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PRIME-TIME TV

It's time to put down his 'Shield'

Shawn Ryan got worn out by the FX series and strike demands. Ready to rest? No, just move on.

August 24, 2008|Maria Elena Fernandez | Times Staff Writer

There were times several months ago, when the writers strike was roaring, that Shawn Ryan was channeling Vic Mackey. Ryan, who created TV's ferocious, all-in-one good-cop-bad-cop, isn't anything like the lead character of "The Shield." But, as Mackey has proven through six seasons, everyone has his limits.

Ryan found himself reaching his while serving on the Writers Guild's negotiating committee. Like everyone else on the picket line, he had a lot riding on the negotiations. When he stopped working, the fate of his moderately rated CBS drama "The Unit" hung in the balance; "The Oaks," a pilot he was producing for Fox, was shot without his supervision; and the series finale of "The Shield," the cop drama that turned Ryan into one of the medium's most prominent producers and launched FX as a destination for cutting-edge original programming, also was filmed without him. Many of his peers would later say they wouldn't have had the fortitude to make the same sacrifices.

"There was the temptation to go Vic Mackey if they didn't solve this real soon," Ryan recalled recently, in his office on the Fox lot, where he produces "The Unit" and awaits the Sept. 2 premiere of the last season of "The Shield. "But instead, I spent a lot of time talking to people who are a lot smarter than me about what do we do now?

"It was a real education for me," said the 41-year-old father of two. "I learned about the companies that run this business, and politics, leverage and power. It was interesting to see how a group of lawyers treated the likes of Carlton Cuse ("Lost") and Marc Cherry ("Desperate Housewives") and Neal Baer ("Law & Order: SVU") and Carol Mendelsohn ("CSI: Crime Scene Investigation") and people who have created properties that have made those companies so much money. I didn't think it was right."

Right and wrong: The distinction is, to put it mildly, blurry for Mackey, who manages to be a hero and an antihero simultaneously, committing the most heinous acts imaginable while eliciting compassion from viewers. For Ryan, who "grew up with Midwest values and always knew his parents loved him," it comes naturally to play by the rules, said his wife, Cathy Cahlin Ryan, who portrays Mackey's ex-wife on the show.

But show runners were in a tough predicament during the strike: Pencils down meant no writing; did it also mean not producing? No editing? Ryan says he thought about it for a few days and concluded that editing is intrinsic to writing and he chose not to work at all, even though it meant not being present as "The Shield" filmed its 88th and final episode, which will air in November.

"I think I learned more about myself in that stretch of time than I did in the previous five or six years because life had gone very well for me up until that point," Ryan said. "It was a real test: Are you prepared to lose something for the right cause? Essentially, in my mind, it became a question of, 'Can I show the same kind of resolve that I would demand from a character that I was writing?' Ultimately, I decided that it wasn't that big of a tragedy in the grand scheme of things that I didn't get to go to 'The Shield' for the finale. I come from a place, Rockford, Ill., where people do a lot tougher things than that. It seems like a silly thing to whine about."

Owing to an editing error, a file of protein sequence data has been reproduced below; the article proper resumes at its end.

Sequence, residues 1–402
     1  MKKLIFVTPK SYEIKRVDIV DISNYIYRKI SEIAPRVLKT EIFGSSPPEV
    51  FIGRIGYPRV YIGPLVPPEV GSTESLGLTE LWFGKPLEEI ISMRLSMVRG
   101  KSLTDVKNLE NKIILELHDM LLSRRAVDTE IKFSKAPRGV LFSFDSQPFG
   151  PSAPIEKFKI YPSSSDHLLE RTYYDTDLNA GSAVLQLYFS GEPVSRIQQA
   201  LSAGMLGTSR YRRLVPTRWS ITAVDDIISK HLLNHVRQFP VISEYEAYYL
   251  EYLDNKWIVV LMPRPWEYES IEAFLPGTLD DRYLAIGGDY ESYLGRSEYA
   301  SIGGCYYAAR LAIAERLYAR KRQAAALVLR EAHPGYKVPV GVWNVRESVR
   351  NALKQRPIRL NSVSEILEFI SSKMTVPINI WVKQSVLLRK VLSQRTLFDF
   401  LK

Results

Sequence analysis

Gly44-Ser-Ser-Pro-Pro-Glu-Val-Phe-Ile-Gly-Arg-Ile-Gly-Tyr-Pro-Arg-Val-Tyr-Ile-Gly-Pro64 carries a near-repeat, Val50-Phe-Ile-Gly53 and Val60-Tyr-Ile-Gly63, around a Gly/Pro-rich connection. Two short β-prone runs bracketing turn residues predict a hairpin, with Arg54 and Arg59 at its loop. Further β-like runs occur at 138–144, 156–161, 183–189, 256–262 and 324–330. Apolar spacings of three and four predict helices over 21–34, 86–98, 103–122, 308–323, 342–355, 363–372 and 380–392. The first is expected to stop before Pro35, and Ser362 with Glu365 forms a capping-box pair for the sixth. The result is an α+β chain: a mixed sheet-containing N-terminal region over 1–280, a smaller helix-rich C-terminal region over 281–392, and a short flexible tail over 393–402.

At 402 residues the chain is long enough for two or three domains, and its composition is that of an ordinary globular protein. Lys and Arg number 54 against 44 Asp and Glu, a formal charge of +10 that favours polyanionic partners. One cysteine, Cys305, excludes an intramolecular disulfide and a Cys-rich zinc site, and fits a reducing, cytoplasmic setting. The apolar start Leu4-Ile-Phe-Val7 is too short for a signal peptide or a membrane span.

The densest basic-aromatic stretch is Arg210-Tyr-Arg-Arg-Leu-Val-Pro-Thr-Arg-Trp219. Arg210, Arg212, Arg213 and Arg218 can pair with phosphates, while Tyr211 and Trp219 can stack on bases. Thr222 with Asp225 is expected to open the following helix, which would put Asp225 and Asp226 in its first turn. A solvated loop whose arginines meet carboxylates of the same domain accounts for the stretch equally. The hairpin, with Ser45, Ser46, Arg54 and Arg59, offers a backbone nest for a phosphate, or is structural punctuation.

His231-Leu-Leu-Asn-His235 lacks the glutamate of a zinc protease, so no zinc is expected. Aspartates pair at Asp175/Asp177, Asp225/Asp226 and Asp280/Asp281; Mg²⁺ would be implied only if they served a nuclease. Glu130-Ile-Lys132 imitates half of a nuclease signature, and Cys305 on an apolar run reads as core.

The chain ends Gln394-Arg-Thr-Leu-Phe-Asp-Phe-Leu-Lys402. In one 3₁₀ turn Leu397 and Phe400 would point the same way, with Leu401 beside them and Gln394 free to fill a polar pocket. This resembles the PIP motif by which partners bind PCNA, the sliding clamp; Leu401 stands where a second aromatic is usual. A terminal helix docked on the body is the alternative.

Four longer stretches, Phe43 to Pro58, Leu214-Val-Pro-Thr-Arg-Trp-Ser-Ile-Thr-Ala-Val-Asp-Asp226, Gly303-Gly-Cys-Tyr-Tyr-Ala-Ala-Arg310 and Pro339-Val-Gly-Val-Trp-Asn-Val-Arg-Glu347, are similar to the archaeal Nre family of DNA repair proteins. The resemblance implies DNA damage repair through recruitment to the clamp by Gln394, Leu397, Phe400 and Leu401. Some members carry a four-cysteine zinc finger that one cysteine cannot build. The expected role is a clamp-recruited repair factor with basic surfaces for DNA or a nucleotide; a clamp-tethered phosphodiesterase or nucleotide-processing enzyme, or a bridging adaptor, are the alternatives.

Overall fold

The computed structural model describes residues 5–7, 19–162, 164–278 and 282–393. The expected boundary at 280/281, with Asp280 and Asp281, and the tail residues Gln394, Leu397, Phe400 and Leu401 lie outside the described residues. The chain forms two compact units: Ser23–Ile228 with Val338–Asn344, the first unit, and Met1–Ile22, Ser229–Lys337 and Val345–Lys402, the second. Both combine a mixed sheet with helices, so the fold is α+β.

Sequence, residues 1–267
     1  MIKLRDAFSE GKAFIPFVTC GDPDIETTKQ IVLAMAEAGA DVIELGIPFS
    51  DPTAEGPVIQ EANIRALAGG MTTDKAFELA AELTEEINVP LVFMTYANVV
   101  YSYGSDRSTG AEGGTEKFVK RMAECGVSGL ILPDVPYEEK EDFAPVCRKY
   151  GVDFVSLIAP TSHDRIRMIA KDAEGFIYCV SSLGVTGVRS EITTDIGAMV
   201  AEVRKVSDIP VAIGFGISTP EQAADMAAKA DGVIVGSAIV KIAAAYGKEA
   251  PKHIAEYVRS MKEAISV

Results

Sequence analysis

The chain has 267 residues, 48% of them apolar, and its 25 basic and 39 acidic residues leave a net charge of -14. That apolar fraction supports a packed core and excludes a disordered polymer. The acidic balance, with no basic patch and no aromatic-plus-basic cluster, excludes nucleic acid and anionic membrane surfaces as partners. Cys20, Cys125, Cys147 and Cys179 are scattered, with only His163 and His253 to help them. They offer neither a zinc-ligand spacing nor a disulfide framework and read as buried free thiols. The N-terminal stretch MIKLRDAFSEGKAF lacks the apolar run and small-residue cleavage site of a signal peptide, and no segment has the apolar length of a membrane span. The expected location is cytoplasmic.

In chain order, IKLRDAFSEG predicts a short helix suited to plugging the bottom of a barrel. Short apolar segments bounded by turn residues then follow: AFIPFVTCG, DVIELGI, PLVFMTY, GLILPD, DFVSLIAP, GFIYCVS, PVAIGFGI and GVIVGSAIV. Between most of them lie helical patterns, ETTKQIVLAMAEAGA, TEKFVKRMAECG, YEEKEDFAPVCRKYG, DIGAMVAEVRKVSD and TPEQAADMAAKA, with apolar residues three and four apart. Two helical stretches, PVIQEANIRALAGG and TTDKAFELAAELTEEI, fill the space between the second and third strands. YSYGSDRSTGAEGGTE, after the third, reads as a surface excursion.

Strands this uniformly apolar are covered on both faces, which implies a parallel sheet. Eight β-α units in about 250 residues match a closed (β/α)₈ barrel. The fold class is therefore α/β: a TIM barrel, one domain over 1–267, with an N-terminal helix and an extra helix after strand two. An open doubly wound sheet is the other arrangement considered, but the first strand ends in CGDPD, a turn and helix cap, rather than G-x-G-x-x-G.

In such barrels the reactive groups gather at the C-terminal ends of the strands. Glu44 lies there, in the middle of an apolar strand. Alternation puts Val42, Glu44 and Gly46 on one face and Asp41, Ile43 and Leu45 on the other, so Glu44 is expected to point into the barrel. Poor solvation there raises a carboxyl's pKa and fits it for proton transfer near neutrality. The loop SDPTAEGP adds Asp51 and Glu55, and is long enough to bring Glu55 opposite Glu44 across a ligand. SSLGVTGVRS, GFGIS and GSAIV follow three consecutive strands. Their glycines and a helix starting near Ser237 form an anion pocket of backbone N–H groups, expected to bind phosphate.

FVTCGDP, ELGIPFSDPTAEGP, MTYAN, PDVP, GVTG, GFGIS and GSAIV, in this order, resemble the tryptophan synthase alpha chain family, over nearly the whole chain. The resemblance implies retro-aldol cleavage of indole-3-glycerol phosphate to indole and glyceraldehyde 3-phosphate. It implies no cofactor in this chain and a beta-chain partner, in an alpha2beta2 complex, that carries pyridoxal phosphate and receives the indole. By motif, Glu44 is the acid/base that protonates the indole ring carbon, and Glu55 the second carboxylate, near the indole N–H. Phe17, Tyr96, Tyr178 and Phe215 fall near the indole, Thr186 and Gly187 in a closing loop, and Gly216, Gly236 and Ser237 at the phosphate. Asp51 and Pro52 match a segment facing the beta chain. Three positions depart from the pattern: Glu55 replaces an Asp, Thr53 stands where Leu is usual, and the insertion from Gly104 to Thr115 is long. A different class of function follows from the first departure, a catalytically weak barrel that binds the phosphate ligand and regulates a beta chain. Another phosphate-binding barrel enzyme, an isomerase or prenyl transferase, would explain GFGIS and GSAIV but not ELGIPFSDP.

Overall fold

They filmed, he picketed

Considering the thousands of people who were out of jobs as a result and the impact on the local economy, point taken. With Michael Chiklis, the star and also a producer, and director Clark Johnson at the helm, the cast and crew filmed the last episode as Ryan and his writers picketed outside of Prospect Studios in Los Feliz.

"I was sad," said Chiklis, who says he is still going through a depression over the ending of the series that allowed him to reinvent himself from the roly-poly "Commish" to the bald, buffed and menacing Mackey. "We still finished it the way we set out to, but what was miss- ing was the familial aspect. We weren't together to do it, and that was disappointing because we've been such a great team during the entire run of the series."

Ryan's willingness to give up what was sure to be one of his career highlights did not surprise the people who know him. "Look at the way he approached the final season: He took the time to watch every episode that had been made in the first six seasons," said John Landgraf, president and general manager of FX Networks. "That's just really rare for someone to approach his work with such humility and seriousness and attention to detail. That does not come from ambition. It comes from integrity."

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